Review of Marianne Leone’s Memoir Jessie

Jesse

Born ten weeks premature, Jesse Cooper suffered a brain hemorrhage, and survived – with cerebral palsy. In 2005, at age seventeen, he died.

During the course of my twenty-year career as a pediatric and neonatal intensive care nurse, I cared for thousands of babies and children, many who had cerebral palsy. I provided the best care possible – heeded their cries, exercised their rigid limbs, and carefully fed them pureed foods so they wouldn’t choke. But it was impossible for me to know what it was like to be a mother of a child with cerebral palsy, or any of the ill children I cared for.

But actress Marianne Leone knows. In her memoir, Jesse, Leone writes with stark prose, sharing with us her “mask of red rage,” and her “fuck-you double slather of red lipstick,” as she, and her actor-husband Chris Cooper, work tirelessly to navigate the hairpin turns of their lives caring for a child with cerebral palsy (185, 189). She lures us along in their trek, from Jesse’s endless days in the neonatal intensive care unit, through their frustrating odyssey in search of physical, occupational, and speech therapists who would treat Jesse with dignity, and their fevered commitment to convince the school system within their community to integrate Jesse into classes with what Leone calls “able-bodied” students. Leone reminds us that “Jessie wasn’t a CP kid first, and a kid second (57).”

Jesse is more than a mere telling of the speed bumps Leone and her family encountered along the way. It is a story of perseverance, and idiosyncratic family coping mechanisms in the face of Sisyphean challenges. It hurtles the reader into a better awareness of what it means to be a quadriplegic, and non-verbal – which does not equate with being an “idiot (31).” Leone’s memoir is a must-read for families, health care professionals, teachers – all of us – who are on a quest to do what is right for our children, whether or not they are disabled.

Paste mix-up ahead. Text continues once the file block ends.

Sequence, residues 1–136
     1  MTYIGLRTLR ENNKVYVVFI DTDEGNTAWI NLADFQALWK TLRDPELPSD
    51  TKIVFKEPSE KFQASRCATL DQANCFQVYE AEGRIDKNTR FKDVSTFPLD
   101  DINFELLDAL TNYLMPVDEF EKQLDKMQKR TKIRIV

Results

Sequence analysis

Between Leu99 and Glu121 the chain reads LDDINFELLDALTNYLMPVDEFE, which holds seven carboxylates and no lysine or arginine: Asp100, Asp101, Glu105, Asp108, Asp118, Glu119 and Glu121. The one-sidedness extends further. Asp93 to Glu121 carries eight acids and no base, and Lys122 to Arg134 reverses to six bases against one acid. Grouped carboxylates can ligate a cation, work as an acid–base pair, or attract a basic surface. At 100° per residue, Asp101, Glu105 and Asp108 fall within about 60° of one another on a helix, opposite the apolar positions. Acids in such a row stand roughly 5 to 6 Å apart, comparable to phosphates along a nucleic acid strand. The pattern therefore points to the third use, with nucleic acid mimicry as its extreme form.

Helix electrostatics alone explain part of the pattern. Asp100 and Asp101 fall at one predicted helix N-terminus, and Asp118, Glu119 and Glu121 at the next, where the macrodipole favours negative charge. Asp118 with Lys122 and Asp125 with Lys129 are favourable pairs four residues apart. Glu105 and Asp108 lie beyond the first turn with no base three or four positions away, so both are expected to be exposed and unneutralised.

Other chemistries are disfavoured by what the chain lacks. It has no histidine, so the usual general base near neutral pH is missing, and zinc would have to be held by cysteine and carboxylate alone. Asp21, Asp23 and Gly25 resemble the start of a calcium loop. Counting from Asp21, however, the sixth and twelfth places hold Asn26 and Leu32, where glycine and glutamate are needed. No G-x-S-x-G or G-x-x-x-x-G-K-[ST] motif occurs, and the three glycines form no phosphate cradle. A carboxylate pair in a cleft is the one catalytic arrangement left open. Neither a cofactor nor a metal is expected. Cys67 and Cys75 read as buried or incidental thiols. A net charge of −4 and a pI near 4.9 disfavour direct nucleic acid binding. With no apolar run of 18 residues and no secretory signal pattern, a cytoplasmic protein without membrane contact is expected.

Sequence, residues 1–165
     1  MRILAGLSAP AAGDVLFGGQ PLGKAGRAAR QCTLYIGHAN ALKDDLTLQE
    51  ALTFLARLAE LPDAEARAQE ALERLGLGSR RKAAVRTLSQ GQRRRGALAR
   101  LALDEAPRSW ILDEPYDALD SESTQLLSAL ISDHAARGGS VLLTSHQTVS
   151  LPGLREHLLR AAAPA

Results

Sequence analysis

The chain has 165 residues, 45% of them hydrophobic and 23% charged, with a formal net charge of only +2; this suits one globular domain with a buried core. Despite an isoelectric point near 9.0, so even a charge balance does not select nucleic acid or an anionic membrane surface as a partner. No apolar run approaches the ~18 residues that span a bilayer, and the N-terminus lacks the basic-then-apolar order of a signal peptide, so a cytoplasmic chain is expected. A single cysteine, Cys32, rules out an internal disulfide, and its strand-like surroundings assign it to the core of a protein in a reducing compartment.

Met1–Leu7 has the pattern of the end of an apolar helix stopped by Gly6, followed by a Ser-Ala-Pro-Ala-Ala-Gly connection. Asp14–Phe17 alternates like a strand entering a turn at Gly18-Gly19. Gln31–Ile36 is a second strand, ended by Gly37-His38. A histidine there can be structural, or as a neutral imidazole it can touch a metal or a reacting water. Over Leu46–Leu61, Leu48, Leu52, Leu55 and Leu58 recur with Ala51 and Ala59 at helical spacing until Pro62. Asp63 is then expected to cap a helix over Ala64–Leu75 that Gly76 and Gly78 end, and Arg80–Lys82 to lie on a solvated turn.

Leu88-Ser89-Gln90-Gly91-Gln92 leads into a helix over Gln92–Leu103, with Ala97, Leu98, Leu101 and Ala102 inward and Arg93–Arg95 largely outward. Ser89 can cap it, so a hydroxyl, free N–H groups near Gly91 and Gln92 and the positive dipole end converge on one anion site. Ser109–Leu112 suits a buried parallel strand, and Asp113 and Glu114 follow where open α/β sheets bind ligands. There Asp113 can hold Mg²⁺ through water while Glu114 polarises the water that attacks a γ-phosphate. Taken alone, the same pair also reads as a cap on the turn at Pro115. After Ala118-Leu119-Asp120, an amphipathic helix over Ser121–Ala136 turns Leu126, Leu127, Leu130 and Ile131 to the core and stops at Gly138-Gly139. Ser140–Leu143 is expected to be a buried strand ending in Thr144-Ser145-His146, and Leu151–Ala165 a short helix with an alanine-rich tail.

Jesse speaks to the human condition – in this case, internal conflict – and the human being in us: Even long after the death of her son, Leone admits she’d rather “stay inside and be alone (248).” But she also knows, in order to still feel connected with her son, she must reach out and talk to other mothers with “babies like Jesse (248).”

Jesse himself tugs at the human being in us. His humor, non-judgmental approach to others, and endurance – he was an honor roll student, and windsurfed and wrote poetry – impels us to take a long, hard look at ourselves and ask, “Who am I? Am I aware of what is happening around me? How do I treat others? How do I want to be treated? What meaningful contributions am I making to others? What if I were a quadriplegic and non-verbal?”

In an autobiography Jesse wrote in sixth grade, he says:

“The most important lesson I can teach/is to see people for what they can do/ and not for what they cannot do (82).”

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